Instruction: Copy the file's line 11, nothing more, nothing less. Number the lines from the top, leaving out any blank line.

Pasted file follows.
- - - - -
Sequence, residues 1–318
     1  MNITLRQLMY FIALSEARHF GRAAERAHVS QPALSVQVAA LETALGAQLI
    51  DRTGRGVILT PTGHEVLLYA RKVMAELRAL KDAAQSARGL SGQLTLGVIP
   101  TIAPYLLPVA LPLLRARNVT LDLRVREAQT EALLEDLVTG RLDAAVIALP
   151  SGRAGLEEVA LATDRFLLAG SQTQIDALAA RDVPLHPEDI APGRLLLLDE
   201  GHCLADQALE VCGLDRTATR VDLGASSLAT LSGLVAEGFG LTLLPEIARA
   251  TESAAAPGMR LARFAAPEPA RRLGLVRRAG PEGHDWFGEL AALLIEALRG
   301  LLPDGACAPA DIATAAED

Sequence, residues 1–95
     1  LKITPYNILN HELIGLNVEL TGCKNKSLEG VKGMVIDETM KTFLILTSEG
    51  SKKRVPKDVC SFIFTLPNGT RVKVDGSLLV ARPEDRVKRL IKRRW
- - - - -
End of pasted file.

    51  SKKRVPKDVC SFIFTLPNGT RVKVDGSLLV ARPEDRVKRL IKRRW